There are tons of reasons you might need to make a photo collage. Maybe it’s for a work project, a presentation at school or you simply want a good way to cherish some special photos. You can always choose to print out the photos and glue them to a surface, but that’s so old-fashioned (and who even has a glue stick anymore?) If you’re looking for a digital alternative to sticky fingers and glue smudges, Choco is a newer collage making program that is perfect for a variety of uses.
In Choco you have a lot of options to choose from. You can take the easy way, importing your photos automatically into one of the more than 100 existing templates. You can work a bit more, adding images yourself and editing the basic template. For the most ambitious among us, you can even choose to make your own collage, entirely from scratch. I took Choco for a test-drive, so stick with me after the jump to learn more about the program and what kind of collages I was able to produce.
The Easy Way
The easiest way to get started using Choco is to take advantage of the many templates that they have included. Within the templates, there are three different types available. The classic category consists of templates which utilize similar photo shapes and a standardized layout. Shapes in these templates are typically rectangles or added rectangles. For a more exciting collage, you can try the freestyle category. Here, templates are laid out seemingly randomly and utilize a much more diverse array of shapes. Last, the shapes category uses rectangular image shapes to make larger images in the shape of another object, e.g. a cat.
After your template is selected, the next step is to add images. Start by clicking the plus button in the left border. You should go ahead and add any pictures you want to use at this time. Once your pictures are imported you have two options. First, you can individually add images to the available frames on the template. If that seems like a bit too much work, click the “shuffle” button and Choco will intelligently fill in the frames using your photos of choice.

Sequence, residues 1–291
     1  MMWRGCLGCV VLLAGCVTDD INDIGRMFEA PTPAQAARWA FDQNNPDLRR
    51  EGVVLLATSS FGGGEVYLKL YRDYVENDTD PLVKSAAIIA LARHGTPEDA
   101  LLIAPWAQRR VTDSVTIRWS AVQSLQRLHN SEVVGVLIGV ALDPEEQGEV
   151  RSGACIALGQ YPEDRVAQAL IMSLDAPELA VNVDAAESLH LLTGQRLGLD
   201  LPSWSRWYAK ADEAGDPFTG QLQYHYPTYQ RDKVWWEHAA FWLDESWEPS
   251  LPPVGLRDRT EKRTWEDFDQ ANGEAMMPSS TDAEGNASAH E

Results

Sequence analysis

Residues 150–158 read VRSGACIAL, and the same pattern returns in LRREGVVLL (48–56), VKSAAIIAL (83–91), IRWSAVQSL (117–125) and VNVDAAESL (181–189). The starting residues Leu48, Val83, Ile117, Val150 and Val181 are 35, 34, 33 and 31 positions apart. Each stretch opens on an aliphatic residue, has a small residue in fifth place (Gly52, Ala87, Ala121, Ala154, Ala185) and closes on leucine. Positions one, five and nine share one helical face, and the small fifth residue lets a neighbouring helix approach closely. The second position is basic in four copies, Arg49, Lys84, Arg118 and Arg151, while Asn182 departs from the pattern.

Intermediate – Editing Photos
The “shuffle” option is pretty nice – Choco usually manages to do a pretty great job of matching up image size to the frame’s aspect ratio. Unfortunately, it’s not always perfect. Sometimes its the computer’s fault, sometimes it’s simply that your images don’t match up well with the template of your choosing. There are a few things you can do to make sure that your collage looks as good as it can, without ever having to edit the layout or template itself.
First, you can always adjust the photo. Simply right click and choose “edit inner frame.” This allows you to freely resize, rotate and transform the photo within the frame. It’s an easy enough fix that can get most photos looking good.
Another big fix (that’s all the rage these days) is to add some filters to your images. Simply click on your image of choice and click on the water drop icon below the collage. You can choose from several Instagram-esque filters, with options including lomo, cappucino or simply black and white. These effects are easy to add, and used sparingly and within the realm of good taste, they can add some fun effects to your collages.
Advanced – Creating and Editing Templates
Using the premade templates is all well and good, but what if you can’t find a template you like? Or what if you want to make some heavy modifications to an existing template? Luckily, all this is possible with Choco. I’ll walk you through making a template from scratch, but all these options are applicable to any template you might need to edit.